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Program Overview

 Physics is the most fundamental of the sciences that systematically explores the role of matter — the primary constituent of the observable universe, and energy — the capacity of this matter to act in different ways. Through the application of mathematical theory and experimental methods, physics investigates how matter and energy interact. A degree in physics can be applied to a variety of different pathways, including education, research, engineering, industry, and medical and biological sciences.

The mission of the physics program is to develop knowledgeable and competent physicists who exemplify the humanistic, Catholic and Jesuit traditions of commitment to social justice, service to others, life-long learning, ethical and moral responsibility, and concern for the environment.  

"The University of Scranton physics program has small classes and great facilities. Our faculty members work closely with students to give them the opportunities they are seeking out, and to apply their theoretical knowledge to practical use."

Christine Zakzewski, Ph.D., Professor in the Physics/EE Department

Exploring Interests

Physicists help us understand our world, from the stars to elementary particles. They explore cosmology to understand the universe, and they are responsible for the discovery of the basic building blocks of matter.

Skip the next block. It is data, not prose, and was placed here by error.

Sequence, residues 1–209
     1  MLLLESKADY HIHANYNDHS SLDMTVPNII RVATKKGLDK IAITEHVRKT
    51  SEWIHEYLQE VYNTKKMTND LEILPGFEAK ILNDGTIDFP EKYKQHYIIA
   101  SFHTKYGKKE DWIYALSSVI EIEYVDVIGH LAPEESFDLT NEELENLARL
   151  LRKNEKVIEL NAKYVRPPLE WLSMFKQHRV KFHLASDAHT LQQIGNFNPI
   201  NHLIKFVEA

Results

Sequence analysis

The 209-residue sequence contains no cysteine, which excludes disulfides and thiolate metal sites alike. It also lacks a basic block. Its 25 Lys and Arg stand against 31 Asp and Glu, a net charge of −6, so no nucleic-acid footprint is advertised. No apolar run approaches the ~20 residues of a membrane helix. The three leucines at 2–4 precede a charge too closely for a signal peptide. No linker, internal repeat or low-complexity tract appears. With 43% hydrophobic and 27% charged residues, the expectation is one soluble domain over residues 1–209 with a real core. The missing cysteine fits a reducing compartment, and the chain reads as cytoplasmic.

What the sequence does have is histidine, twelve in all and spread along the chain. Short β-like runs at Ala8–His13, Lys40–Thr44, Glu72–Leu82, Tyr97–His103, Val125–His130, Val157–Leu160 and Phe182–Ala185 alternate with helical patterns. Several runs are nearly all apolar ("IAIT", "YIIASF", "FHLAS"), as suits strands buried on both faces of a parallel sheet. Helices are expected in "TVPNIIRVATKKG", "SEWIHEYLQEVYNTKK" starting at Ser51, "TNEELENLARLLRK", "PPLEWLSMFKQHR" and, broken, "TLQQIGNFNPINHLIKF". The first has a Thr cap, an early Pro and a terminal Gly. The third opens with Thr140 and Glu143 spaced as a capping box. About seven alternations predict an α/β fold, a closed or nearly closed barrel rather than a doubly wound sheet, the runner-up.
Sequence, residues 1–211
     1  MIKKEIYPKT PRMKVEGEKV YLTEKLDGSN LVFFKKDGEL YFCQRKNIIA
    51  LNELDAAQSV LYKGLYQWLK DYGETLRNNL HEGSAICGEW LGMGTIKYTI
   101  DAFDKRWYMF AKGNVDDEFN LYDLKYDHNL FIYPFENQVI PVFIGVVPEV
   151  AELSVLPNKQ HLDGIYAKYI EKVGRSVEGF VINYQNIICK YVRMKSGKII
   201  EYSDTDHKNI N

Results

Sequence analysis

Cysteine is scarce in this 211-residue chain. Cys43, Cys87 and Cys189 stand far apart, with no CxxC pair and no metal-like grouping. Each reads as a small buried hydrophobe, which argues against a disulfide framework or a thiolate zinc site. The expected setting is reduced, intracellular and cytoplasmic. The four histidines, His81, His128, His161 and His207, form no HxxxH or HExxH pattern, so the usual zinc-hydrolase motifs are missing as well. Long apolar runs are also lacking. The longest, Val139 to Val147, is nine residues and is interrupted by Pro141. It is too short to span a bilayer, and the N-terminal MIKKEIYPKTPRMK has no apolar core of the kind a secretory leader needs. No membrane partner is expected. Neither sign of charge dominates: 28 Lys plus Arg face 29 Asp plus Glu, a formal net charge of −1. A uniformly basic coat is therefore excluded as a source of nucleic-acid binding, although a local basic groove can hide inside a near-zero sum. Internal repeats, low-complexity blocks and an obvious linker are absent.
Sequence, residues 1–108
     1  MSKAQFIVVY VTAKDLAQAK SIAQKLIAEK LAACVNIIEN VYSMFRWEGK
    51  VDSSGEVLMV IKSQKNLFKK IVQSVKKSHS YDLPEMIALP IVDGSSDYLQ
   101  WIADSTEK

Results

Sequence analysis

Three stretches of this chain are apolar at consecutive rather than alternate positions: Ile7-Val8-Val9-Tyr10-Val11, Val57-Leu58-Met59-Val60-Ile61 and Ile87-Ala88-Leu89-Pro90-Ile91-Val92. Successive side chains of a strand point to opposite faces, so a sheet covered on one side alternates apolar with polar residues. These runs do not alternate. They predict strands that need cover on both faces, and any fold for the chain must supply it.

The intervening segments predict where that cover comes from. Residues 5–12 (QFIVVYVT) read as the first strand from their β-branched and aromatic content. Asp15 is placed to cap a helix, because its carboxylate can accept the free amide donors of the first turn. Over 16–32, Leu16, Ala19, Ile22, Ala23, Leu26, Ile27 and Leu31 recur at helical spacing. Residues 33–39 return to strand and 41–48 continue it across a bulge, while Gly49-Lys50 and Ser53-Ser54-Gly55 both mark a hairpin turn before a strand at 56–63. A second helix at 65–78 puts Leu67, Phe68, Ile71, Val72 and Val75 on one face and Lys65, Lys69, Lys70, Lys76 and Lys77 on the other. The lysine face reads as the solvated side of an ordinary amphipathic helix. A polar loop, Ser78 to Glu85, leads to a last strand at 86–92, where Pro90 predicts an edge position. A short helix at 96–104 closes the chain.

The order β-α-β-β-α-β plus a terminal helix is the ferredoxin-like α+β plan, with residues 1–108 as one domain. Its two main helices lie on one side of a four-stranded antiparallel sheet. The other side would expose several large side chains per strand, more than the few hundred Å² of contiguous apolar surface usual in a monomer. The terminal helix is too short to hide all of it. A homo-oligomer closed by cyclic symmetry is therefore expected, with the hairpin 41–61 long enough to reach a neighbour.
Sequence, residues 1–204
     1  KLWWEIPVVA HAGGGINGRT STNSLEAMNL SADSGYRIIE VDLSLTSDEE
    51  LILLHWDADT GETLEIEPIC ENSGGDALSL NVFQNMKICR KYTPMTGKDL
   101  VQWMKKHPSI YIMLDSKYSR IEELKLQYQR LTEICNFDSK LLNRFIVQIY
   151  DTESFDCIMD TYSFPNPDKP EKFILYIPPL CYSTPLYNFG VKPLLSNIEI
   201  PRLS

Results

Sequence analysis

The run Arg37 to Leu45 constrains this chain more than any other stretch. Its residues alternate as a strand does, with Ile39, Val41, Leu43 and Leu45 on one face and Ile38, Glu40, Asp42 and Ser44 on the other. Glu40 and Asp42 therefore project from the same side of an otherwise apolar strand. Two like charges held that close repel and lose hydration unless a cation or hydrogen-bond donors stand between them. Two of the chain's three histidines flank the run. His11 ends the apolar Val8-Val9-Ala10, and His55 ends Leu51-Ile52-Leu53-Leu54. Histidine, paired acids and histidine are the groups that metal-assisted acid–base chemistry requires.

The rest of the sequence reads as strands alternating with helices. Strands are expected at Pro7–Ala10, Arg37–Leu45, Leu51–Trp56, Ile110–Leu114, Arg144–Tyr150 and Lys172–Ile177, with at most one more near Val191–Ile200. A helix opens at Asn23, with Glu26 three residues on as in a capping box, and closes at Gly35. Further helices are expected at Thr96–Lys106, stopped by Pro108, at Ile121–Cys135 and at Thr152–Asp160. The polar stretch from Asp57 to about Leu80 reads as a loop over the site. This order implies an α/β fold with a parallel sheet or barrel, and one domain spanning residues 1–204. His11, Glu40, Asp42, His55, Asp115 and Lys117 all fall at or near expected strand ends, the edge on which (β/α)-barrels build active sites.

Astrophysics explores the origin and evolution of our Universe. Condense matter studies the fundamental properties of matter and its phases supporting the discovery and creation of new materials used in the electronics industry. Atomic and molecular physics explore the interaction between light and matter at the level of atoms and molecules. X-rays and lasers are typically used to examine the components of what the Universe is made of. Nuclear and particle physics study the atomic nuclei and is the basis for applications in nuclear power, nuclear energy, nuclear medicine, etc.

At Scranton, you will have the opportunity to explore your interests with the support of dedicated faculty, access to advanced equipment, and a range of challenging courses — from basic physics to quantum mechanics — with continuous connections and applications to real-world problems.

The faculty here cover a diverse range of expertise: acoustics, optics, solid state (theoretical and experimental), spectroscopy, photovoltaics, mathematical physics, quantum optics, computational physics and nuclear physics.

"One of the most powerful tools any new graduate can have is the ability to learn and adapt into a new environment. One of the advantages I had with a degree in physics is that this type of mindset and training is developed at the undergraduate level."

Josh Zadoyko '18, Physics Major, Business Intelligence Consultant, SDG Group

State-of-the-Art Equipment

Students have access to state-of-the-art lab equipment, including:
  • State-of-the-art optics
  • Diode and CW lasers
  • Proton counter units
  • Atomic force microscope
  • Radio telescope
  • Scanning tunneling microscope 
  • 2-Axis Meade telescope
Featured In Loyola Science Center, state-of-the-art classrooms, teaching laboratories, research spaces, faculty offices, and informal gathering spaces reflect the interactive nature of science and encourage active participation.

The integration of The University of Scranton core curriculum is an essential part of the physics curriculum.  The University core curriculum includes a structured program in theology, philosophy, ethics, and written and oral communication. Roughly half of the credits in the physics program is devoted to physics topics.  

View Physics Curriculum